A new watchdog group in Colorado has filed an ethics complaint alleging that Governor John Hickenlooper (D.,) has made numerous trips in the last 7 years on private planes owned by wealthy allies and corporations, and argues those flights amounted to gifts prohibited state law.
An amendment passed by voters in 2006 banned gifts over $50 for elected officials, an amount which has since been indexed up by inflation to $59, according to the Denver Post, which first reported on the issue.
Recent Stories in Issues
The complaint alleges the flights were easily worth hundreds or thousands of dollars, so Hickenlooper would have needed to pay from his own personal accounts.
Under some circumstances, accepting flights could be allowed but would have to be disclosed. The watchdog group Public Trust Institute is also saying the travel they've examined hasn't been included in any disclosure filed by Hickenlooper, which could then also be further violations of the state's ethics laws.
"Specifically, Governor Hickenlooper has repeatedly traveled on private airplanes owned by corporations and accepted travel expenses paid for by corporations, each instance represents a direct violation of the Colorado Constitution, Colorado statutes, and this Commission's clear precedent restricting travel expenses for covered state officials," reads a part of the 189-page document from PTI.
"These are not isolated or inadvertent violations of Amendment 41 but, as evidenced in this Complaint, are part of a pattern of illegal conduct repeated throughout Governor Hickenlooper's term in office," it concludes.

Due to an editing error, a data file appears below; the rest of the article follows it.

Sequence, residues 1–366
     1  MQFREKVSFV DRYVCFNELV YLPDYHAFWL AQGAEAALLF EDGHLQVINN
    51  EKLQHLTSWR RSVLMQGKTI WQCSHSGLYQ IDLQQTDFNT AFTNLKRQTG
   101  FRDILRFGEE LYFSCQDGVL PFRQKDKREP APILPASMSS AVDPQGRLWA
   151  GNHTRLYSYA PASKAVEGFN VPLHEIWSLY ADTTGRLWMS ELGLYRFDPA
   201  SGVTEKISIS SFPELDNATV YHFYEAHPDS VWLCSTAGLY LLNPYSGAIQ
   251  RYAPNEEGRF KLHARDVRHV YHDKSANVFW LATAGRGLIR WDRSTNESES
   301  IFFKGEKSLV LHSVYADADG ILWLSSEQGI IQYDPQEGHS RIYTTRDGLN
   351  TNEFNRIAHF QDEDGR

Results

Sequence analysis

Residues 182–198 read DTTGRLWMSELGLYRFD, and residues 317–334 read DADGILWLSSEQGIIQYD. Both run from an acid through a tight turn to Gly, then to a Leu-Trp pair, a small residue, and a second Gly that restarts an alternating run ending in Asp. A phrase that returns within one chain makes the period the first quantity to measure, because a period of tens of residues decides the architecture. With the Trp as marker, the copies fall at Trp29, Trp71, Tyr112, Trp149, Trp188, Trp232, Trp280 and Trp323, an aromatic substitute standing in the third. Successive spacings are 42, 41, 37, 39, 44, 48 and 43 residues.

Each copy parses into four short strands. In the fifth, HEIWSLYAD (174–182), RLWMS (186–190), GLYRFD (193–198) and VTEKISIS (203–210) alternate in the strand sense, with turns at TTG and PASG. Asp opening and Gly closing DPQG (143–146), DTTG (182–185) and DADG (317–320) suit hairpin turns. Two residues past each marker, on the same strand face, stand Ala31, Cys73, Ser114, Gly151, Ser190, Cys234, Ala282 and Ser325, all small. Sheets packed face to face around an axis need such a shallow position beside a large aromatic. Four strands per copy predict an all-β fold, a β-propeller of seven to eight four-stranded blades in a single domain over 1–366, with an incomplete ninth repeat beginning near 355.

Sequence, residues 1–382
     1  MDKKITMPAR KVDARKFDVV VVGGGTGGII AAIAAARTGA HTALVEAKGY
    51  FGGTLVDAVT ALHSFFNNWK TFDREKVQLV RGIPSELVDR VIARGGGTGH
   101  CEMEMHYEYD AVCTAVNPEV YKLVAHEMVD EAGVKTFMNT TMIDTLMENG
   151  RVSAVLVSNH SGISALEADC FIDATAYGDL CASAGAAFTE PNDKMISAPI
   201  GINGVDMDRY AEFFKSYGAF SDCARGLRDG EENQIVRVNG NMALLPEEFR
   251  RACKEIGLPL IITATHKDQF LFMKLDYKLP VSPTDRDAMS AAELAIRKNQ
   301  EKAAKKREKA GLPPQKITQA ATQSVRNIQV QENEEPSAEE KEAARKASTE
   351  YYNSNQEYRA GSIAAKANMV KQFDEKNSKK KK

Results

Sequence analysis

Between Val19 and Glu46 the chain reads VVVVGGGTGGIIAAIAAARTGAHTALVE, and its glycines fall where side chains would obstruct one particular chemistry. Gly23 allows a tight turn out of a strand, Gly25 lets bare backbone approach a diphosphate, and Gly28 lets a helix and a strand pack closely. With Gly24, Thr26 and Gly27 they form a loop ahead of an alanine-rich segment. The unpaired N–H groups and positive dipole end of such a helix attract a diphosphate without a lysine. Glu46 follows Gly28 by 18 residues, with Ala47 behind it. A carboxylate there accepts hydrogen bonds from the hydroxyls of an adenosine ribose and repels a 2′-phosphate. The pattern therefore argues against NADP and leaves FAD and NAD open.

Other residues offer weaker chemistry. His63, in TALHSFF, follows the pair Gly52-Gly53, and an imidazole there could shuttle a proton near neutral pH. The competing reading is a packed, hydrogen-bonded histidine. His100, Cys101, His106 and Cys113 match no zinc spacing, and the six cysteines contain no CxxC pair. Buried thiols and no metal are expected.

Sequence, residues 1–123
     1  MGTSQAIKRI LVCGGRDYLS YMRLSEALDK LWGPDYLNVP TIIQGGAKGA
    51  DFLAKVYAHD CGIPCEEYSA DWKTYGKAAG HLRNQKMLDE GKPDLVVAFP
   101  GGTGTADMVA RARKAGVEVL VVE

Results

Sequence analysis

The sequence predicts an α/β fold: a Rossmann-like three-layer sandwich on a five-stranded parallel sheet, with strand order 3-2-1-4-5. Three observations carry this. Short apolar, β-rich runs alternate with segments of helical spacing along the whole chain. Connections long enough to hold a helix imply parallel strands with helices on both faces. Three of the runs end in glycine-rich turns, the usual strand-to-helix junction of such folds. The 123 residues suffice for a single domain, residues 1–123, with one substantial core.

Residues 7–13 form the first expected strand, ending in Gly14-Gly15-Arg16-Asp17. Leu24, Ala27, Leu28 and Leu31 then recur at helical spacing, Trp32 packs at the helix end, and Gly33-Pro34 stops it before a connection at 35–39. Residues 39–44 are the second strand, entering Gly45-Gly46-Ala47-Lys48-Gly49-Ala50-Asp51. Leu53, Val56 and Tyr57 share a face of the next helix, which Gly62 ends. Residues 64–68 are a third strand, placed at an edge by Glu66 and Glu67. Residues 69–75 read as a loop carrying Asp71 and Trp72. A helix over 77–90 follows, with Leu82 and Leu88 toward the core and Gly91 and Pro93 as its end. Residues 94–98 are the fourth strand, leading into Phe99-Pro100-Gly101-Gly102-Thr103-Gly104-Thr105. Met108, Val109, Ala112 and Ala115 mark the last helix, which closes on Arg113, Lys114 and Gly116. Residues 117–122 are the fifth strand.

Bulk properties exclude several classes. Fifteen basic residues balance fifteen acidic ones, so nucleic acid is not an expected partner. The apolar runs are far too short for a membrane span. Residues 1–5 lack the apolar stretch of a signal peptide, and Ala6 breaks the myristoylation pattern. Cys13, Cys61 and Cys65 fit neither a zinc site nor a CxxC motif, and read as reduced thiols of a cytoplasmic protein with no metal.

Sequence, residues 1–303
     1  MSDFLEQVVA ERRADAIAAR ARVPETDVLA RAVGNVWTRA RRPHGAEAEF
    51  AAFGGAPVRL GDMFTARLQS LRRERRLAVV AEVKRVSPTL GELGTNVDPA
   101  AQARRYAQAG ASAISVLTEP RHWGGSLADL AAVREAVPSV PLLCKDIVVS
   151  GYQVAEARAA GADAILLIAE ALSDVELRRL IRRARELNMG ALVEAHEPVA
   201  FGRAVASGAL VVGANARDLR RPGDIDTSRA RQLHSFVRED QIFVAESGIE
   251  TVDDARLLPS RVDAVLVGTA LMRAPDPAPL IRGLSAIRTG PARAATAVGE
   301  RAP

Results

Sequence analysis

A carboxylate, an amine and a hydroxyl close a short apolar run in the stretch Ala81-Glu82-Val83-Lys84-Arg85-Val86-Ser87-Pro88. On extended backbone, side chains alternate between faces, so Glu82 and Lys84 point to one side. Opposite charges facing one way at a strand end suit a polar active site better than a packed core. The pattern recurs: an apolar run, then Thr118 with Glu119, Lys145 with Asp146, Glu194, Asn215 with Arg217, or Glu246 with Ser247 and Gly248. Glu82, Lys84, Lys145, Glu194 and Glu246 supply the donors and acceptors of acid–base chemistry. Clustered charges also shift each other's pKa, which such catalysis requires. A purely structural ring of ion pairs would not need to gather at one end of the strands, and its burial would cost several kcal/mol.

PTI's website lists its executive director as Frank McNulty, a former Republican speaker of the Colorado House of Representatives.
The allegations come less than one month after the governor took his most significant step towards a possible 2020 presidential run by forming a leadership PAC, which would, among other things, help pay for or defray the costs of travel to political events or fundraisers and other such events.
"It looks like the organization was created in the last few days to trump up frivolous accusations," said Jacque Montgomery, a spokeswoman for the governor. "They ignored the Independent Ethics Commission process by going straight to the media. This is clearly a political stunt aimed at influencing the upcoming election."
The complaint goes beyond air travel as well, alleging hotel stays and limousine rides noted in media reports or online videos could amount to additional violations, all of which would be investigated by Colorado's Independent Ethics Commission.
McNulty said the governor has an obligation to prove he paid for these travels from his own funds.
"If he did, then show us," McNulty was quoted as saying by the Post. "Every elected official in the Capitol has to abide by the same rules; not a single one of them is above the law."
Update 10:15 a.m.: This post has been updated with comment from a spokesman for Gov. Hickenlooper.